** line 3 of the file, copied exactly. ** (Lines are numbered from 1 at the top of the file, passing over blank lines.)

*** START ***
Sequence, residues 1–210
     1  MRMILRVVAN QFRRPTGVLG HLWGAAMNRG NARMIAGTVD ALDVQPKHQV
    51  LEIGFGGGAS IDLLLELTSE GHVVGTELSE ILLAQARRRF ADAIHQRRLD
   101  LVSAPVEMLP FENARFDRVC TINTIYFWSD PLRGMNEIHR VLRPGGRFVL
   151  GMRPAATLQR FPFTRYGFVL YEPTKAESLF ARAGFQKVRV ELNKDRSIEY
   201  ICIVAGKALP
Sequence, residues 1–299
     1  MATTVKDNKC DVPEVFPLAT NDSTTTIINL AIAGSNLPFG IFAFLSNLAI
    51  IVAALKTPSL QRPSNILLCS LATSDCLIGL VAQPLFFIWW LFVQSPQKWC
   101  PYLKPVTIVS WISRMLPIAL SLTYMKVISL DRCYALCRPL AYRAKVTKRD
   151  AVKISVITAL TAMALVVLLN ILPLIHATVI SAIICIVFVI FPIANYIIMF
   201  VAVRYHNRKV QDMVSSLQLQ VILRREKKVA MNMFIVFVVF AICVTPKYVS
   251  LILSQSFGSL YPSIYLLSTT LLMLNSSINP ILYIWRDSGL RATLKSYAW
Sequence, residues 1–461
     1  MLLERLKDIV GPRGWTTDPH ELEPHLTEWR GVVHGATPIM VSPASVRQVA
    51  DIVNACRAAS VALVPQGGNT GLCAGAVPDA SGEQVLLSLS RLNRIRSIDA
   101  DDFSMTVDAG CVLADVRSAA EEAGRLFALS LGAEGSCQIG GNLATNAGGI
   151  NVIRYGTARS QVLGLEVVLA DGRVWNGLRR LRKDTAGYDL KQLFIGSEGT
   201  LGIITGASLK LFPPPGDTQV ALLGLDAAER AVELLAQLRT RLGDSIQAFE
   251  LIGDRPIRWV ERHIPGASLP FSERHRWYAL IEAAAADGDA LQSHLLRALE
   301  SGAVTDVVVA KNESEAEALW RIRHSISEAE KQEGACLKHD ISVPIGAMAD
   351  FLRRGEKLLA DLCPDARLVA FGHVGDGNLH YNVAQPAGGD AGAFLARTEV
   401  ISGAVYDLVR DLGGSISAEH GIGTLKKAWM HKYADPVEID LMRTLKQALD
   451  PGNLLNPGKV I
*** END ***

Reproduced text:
    51  LEIGFGGGAS IDLLLELTSE GHVVGTELSE ILLAQARRRF ADAIHQRRLD